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BASS Sociology and Criminology / Course details
Year of entry: 2023
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Course unit details:
Getting Personal: Intimacy and Connectedness in Everyday Life
|Unit level||Level 1|
|Teaching period(s)||Semester 1|
|Available as a free choice unit?||Yes|
This unit will introduce you to the importance of ‘personal life’ as a core sociological topic. The unit will start with an introduction to what is meant by ‘personal life’ and everyday life. Subsequent lectures will draw out the broad theme of connectedness in personal life through exploring diverse connections between people; between people, objects and their environment; between the personal and the political; and between the past and the present. Lecture topics will include: personal life in and out of time (lifecourse and temporality); intimate relationships; friendship and acquaintanceship; sexuality, gender and the politics of personal life; potent connections to the past (memory, biography and identity); the making and unmaking of home; the everyday life of objects; and the personal and the political. In so doing, we will address demographic, social and cultural shifts that have occurred in the area of personal life over the last century or so, as well as the impact on personal life of more recent global shocks such as the pandemic, the Black Lives Matter movement and the #MeToo movement. The course will end with a lecture that provides a summary and overview of what personal life means in sociology.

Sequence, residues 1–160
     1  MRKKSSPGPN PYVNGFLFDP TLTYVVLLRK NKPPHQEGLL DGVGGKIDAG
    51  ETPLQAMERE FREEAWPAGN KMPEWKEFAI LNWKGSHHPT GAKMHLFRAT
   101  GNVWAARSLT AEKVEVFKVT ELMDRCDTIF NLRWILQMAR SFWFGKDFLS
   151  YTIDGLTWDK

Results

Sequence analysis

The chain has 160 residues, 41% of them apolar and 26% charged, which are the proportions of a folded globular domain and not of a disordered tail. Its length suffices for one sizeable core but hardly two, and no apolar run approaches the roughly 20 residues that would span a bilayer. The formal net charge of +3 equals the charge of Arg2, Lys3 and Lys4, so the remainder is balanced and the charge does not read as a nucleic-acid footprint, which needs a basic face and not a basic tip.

- To introduce students to a sociological approach to the study of personal life and the
- To examine how personal lives have changed over time and how wider social
- changes have impacted upon personal life, including the impact of recent global
- shocks such as Covid-19 pandemic
- To underline the theme of connectedness in personal life and the everyday
- To provide conceptual tools for understanding the micro level of day-to-day life
On completion of this unit successful students will:
- be able to understand the relationship between personal experience and wider social phenomena
- be able to understand how the 'present' is rooted in the past
- have an appreciation of the connectedness of personal life through exploring diverse connections between people; between people, objects and their environment;
- between the personal and the political; and between the past and the present.
- have knowledge of the interconnections between issues of biography, sexuality, identity, memory, emotions and other areas defined as 'personal'
- have an appreciation of why and how the individual is important to the study of sociology
Teaching and learning methods
Weekly lecture (1 x 2 hour)
Weekly tutorials (1 hour)
non assessed presentation and coursework also included
All sociology courses include both formative feedback - which lets you know how you’re getting on and what you could do to improve - and summative feedback - which gives you a mark for your assessed work.
Mason, Jennifer (2018) Affinities: Personal Connections in Personal Life, Cambridge: Polity
May, Vanessa and Nordqvist, Petra.(eds) Sociology of Personal Life (2019, second edition)¸London: Red Globe Press.
Smart, Carol (2007) Personal Life: New Directions in Sociological Thinking, Cambridge, Polity.
Jamieson, Lynn (1998) Intimacy: Personal Relationships in Modern Societies, Cambridge: Polity.
Quaid, Sheila, Hugman, Catriona and Wilcock, Angela (2021) Negotiating Families and Personal Lives in the 21st Century: Exploring Diversity, Social Change and Inequalities. London: Routledge.
Scott, Susie (2009 ) Making Sense of Everyday Life, Cambridge: Polity.
|Scheduled activity hours|
|Assessment written exam||2|
|Independent study hours|
|Petra Nordqvist||Unit coordinator|